As identical twins we look for similarities and differences in what we encounter because it is how we are encountered socially. The works on show investigate the concept of comparison that we face as twins. We create our drawings independently but use the same images, so that when the drawings are bought together the details are observed with comparison. We therefore think of the process of drawing as a means of discovering how similar our perceptions are, to observe how closely we think and perceive the subject as twins.
Our video and text works extend our desire to own a unified identity. Our films investigate how we respond to the same moments. Spontaneity is used to explore a shared experience of what occurs in real time. We therefore use the excitement of not being in full control of a situation to learn and discover together.
Art: Daniel Shadbolt Solo Exhibition
Gallery 286 will be exhibiting Daniel Shadbolt’s New Paintings in a one-man show this June. Well known as a teacher at Heatherley’s, a bastion of traditional art-school values in Chelsea, Daniel has proved a popular exhibitor at 286 in group shows of Still Life and Self Portraits, both genres in which he excels.
The New Paintings exhibition features fine examples of both these strands in Daniel’s practice but the essential element that connects all the paintings is his studio. Working from a house in West London for the past few years has proved inspirational, and the interiors that he depicts are the distillation of an artist’s life.
Illuminated with a fairly constant indirect light, it is the inclusion and exclusion of objects that make the radical differences to the compositions. The structure of the rooms may be recognisable from one canvas to another, but the viewpoint changes and the visitors to the rooms come and go – a man with a violin, an elegant bearded figure in a grey suit, a slender young woman in jeans, or the artist himself in a variety of guises. The still life set-ups hint at the seasons changing.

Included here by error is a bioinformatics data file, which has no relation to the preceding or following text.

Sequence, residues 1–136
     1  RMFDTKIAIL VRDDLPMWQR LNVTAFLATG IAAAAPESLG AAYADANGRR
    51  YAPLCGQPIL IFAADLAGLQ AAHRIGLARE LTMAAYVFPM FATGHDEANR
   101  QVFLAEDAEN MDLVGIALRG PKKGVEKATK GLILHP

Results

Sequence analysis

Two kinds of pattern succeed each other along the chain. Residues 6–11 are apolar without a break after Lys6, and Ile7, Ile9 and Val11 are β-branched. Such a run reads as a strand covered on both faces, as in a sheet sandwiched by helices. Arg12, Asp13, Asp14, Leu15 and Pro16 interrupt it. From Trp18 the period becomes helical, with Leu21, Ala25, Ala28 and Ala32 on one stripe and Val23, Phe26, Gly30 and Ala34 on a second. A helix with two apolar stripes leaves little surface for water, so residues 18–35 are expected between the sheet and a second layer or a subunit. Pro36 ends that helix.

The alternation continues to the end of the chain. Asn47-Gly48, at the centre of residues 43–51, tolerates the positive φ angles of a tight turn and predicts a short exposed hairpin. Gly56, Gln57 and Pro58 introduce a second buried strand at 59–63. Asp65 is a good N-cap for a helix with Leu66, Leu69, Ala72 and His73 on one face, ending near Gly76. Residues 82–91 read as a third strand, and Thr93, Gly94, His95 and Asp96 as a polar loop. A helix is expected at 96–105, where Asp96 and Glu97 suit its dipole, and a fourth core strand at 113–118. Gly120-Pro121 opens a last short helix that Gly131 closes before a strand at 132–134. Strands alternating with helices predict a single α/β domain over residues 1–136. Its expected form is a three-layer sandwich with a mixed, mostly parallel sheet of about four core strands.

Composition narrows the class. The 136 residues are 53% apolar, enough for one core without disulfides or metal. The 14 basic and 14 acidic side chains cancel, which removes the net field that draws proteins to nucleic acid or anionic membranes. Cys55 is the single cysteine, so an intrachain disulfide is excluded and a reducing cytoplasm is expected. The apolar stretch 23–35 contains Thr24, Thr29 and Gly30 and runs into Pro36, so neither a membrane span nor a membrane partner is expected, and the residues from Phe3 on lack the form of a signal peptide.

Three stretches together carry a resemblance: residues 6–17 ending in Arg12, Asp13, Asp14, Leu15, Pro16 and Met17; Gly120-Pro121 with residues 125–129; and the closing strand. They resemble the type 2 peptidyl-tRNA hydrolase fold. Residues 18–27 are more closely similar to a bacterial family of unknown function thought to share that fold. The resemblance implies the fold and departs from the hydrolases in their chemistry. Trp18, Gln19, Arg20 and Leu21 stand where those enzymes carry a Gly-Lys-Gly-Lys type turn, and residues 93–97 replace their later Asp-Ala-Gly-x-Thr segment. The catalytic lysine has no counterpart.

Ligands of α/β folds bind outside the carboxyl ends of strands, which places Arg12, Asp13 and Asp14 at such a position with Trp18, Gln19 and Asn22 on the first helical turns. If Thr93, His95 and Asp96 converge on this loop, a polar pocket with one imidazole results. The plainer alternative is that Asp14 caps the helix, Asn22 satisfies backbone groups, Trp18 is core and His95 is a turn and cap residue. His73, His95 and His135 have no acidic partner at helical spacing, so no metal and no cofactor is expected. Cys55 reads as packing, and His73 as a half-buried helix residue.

Everything an artist does is a matter of choice, from the selection of the subject matter to the colour of the paintmark he decides to place next to the previous one, and Daniel has that ability to make the right choices, so the eye moves with pleasure over the surface of the canvas, enjoying his depiction of volume, colour, and the light which animates them. These are the sort of paintings that it would be a pleasure to live with.
You get the feeling too that, if one were to commission a portrait from him, the process would be enjoyable and the outcome satisfactory. His sitters have a relaxed look about them brought about, no doubt, by his easy temperament or, perhaps, by his excellent taste in music?10th – 30th June 2014 Gallery 286, 286 Earl’s Court Road
London SW5 9AS Private views on: Tuesday June 10th, 6.30 – 8.30pm Thursday June 12th, 6.30 – 8.30pm Sunday June 15th, 12.00 – 3.00pm Open days on Wednesday June 18th 12.00 – 6.00pm Wednesday June 25th 12.00 – 6.00pm Viewing by appointment at other times.
Get Your Kicks at Gallery 286
A rather rare thing to behold these days is an art gallery housed entirely in someone’s private home. Run meticulously by Jonathan Ross and his wife painter/sculptor Camilla Shivarg, they spent a year and a half converting the townhouse into a space which now serves as their home (the first floor and above) and two large gallery spaces (the ground and lower ground).